Does progression through meiotic prophase require ncc-1 function? In the RNA-injected animals, oocyte development appears normal and chromosomes become fully condensed. It cannot be exclude that inactivation of ncc-1 by RNAi is incomplete. However, several observations support effective inactivation. If inactivation was complete, entry into meiotic development, meiotic prophase progression, condensation of chromosomes to diakinesis bivalents and oocyte development can all occur independent of ncc-1. If these processes do require ncc-1 activity, this must be less activity than required for germ cell proliferation and for the transition from diakinesis to meiosis I. As yet, formation of diakinesis bivalents of normal morphology in the absence of Cdk1 activity has not been described in any eukaryote. During spermatogenesis in Drosophila, DNA condensation can occur in the apparent absence of Dmcdc2 activity. However, male meiosis in Drosophila does not involve meiotic recombination and attachment of bivalents by chiasmata. Nuclear envelope breakdown occurs slowly in mature ncc-1( RNAi) oocytes; by the time it is accomplished, meiosis would normally have been completed. The fact that degradation still occurs could indicate incomplete inactivation of ncc-1, as Cdk1 is believed to phosphorylate nuclear lamins and to trigger nuclear envelope breakdown in mitosis. However, other kinases have also been implicated in nuclear lamin phosphorylation, including S6 kinase II and protein kinase C. Such kinases may trigger nuclear envelope breakdown in the absence of ncc-1 activity (Boxem, 1999).

In budding yeast, vacuole inheritance is tightly coordinated with the cell cycle. The movement of vacuoles and several other organelles is actin-based and is mediated by interaction between the yeast myosin V motor Myo2 and organelle-specific adaptors. Myo2 binds to vacuoles via the adaptor protein Vac17, which binds to the vacuole membrane protein Vac8. This study shows that the yeast cyclin-dependent kinase Cdk1 phosphorylates Vac17 and that phosphorylation of Vac17 parallels cell cycle-dependent movement of the vacuole. Substitution of the Cdk1 sites in Vac17 decreases its interaction with Myo2 and causes a partial defect in vacuole inheritance. This defect is enhanced in the presence of Myo2 with mutated phosphorylation sites. Thus, Cdk1 appears to control the timing of vacuole movement. The presence of multiple predicted Cdk1 sites in other organelle-specific myosin V adaptors suggests that the inheritance of other cytoplasmic organelles may be regulated by a similar mechanism (Peng, 2008).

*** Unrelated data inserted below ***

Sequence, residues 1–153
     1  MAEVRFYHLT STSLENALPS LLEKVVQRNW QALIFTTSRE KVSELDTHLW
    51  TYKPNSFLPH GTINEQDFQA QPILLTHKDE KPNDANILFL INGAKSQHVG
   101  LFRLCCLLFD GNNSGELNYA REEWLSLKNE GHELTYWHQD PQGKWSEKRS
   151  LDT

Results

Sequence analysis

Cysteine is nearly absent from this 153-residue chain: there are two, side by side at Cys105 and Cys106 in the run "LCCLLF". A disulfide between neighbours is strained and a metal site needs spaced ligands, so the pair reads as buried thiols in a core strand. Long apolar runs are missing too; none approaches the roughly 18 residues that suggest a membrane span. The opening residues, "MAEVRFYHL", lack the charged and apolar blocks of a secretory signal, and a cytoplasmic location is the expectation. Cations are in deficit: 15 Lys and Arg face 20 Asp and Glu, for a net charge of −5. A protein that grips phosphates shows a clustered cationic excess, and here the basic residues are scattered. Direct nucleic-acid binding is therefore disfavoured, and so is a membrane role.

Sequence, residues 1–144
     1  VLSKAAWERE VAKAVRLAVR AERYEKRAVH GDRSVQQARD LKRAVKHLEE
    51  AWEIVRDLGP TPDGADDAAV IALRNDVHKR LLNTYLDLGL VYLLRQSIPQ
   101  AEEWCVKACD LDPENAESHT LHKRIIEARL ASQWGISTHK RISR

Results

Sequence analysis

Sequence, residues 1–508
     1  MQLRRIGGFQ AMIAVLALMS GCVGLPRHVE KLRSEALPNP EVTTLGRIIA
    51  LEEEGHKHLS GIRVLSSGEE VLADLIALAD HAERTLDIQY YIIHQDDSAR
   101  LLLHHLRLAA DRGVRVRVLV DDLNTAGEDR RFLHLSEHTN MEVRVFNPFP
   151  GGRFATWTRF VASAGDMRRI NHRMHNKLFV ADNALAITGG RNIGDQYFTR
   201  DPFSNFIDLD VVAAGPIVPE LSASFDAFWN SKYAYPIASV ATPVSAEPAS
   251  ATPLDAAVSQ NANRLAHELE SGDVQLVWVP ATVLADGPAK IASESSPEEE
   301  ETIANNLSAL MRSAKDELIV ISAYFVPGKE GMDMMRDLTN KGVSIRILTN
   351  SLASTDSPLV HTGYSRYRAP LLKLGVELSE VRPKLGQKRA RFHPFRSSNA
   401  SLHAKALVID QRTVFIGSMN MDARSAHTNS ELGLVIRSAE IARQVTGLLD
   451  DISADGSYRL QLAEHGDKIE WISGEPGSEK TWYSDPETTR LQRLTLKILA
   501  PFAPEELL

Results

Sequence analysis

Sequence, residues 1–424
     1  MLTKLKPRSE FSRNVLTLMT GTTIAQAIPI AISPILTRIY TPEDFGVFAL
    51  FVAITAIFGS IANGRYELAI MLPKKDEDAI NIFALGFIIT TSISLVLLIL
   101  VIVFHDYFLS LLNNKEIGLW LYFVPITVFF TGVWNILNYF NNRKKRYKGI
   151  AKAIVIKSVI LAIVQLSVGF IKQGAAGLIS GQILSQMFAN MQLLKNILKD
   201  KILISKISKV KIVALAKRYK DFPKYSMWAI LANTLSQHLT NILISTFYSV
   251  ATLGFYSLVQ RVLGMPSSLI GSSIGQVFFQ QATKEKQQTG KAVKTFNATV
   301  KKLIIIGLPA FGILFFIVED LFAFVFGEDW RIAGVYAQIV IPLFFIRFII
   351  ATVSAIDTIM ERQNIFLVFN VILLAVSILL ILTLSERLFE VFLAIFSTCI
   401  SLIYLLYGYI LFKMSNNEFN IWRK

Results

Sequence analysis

The C. elegans germline provides an excellent model for analyzing the regulation of stem cell activity and the decision to differentiate and undergo meiotic development. The distal end of the adult hermaphrodite germline contains the proliferative zone, which includes a population of mitotically cycling cells and cells in meiotic S phase, followed by entry into meiotic prophase. The proliferative fate is specified by somatic distal tip cell (DTC) niche-germline GLP-1 Notch signaling through repression of the redundant GLD-1 and GLD-2 pathways that promote entry into meiosis. This study describes characteristics of the proliferative zone, including cell cycle kinetics and population dynamics, as well as the role of specific cell cycle factors in both cell cycle progression and the decision between the proliferative and meiotic cell fate. Mitotic cell cycle progression occurs rapidly, continuously, with little or no time spent in G1, and with cyclin E (CYE-1) levels and activity high throughout the cell cycle. In addition to driving mitotic cell cycle progression, CYE-1 and CDK-2 also play an important role in proliferative fate specification. Genetic analysis indicates that CYE-1/CDK-2 promotes the proliferative fate downstream or in parallel to the GLD-1 and GLD-2 pathways, and is important under conditions of reduced GLP-1 signaling, possibly corresponding to mitotically cycling proliferative zone cells that are displaced from the DTC niche. Furthermore, GLP-1 signaling was found to regulate a third pathway, in addition to the GLD-1 and GLD-2 pathways and also independent of CYE-1/CDK-2, to promote the proliferative fate/inhibit meiotic entry (Fox, 2011).

Table of contents

cdc2: Biological Overview | Regulation | Developmental Biology | Effects of Mutation | References